How to make your New Year’s resolutions more successful:
Rather than nailing down a number (lose 20 pounds, say, or save $100 more per month), it’s best to keep those goals a little vague if you want to succeed, says a new study to be published in an upcoming issue of Psychological Science.
The team — comprised of husband and wife Himanshu and Arul Mishra, assistant professors of marketing at the University of Utah, and Baba Shiv of Stanford Graduate School of Business — designed experiments to look at improvements in mental acuity, physical strength and weight loss. They found in each case that when study participants were given a vague marker of improvement rather than a specific one, they showed a much higher rate of improvement.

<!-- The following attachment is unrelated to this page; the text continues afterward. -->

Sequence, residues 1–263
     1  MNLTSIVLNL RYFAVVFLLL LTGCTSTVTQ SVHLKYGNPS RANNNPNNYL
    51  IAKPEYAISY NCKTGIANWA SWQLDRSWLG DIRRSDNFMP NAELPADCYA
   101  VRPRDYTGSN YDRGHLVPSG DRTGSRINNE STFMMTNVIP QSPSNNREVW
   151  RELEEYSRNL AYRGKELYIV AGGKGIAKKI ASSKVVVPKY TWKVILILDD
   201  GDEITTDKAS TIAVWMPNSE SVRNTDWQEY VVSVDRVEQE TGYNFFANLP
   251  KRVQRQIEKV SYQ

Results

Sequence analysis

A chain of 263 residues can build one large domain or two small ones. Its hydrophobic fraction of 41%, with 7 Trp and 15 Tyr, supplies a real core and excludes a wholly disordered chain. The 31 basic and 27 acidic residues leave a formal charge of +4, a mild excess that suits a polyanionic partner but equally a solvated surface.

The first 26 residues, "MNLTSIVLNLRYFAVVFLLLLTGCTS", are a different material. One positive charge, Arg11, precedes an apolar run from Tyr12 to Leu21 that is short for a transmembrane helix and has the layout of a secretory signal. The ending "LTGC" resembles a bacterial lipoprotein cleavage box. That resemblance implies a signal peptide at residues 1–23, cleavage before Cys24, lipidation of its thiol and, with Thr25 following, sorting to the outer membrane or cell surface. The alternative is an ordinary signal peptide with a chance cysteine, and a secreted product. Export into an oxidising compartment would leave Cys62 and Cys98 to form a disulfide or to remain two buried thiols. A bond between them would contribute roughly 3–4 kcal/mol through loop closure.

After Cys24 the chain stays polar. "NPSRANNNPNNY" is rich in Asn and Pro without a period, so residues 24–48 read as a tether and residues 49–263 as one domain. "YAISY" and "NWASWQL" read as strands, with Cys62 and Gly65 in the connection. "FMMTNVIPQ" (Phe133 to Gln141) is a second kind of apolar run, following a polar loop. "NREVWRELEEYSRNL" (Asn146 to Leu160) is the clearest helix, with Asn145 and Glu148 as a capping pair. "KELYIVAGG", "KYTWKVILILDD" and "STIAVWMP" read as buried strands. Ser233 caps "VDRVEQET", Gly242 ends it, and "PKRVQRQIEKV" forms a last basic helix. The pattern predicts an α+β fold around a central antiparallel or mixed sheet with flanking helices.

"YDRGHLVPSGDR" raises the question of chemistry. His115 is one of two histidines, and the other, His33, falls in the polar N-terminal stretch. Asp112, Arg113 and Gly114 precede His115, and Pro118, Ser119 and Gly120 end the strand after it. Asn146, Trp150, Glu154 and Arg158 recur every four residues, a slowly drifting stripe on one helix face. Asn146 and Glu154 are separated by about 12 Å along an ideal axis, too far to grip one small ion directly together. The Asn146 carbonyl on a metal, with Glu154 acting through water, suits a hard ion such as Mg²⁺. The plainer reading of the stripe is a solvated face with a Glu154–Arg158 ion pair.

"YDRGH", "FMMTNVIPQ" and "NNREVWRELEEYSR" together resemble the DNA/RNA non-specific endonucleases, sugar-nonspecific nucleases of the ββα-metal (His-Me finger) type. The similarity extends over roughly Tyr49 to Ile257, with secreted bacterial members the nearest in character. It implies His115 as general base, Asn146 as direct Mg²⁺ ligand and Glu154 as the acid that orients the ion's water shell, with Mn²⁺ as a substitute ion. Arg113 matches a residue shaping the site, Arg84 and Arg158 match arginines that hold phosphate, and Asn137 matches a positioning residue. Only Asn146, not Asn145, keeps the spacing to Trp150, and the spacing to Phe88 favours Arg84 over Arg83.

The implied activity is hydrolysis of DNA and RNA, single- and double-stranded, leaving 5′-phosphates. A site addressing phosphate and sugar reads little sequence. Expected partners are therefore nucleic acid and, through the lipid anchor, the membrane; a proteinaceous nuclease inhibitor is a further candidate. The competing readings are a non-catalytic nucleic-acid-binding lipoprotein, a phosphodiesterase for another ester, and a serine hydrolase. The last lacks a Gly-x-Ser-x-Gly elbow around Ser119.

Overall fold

So you can trick yourself into improvement? Pretty much. The authors call the mental distortion “akin to placebo effects.”
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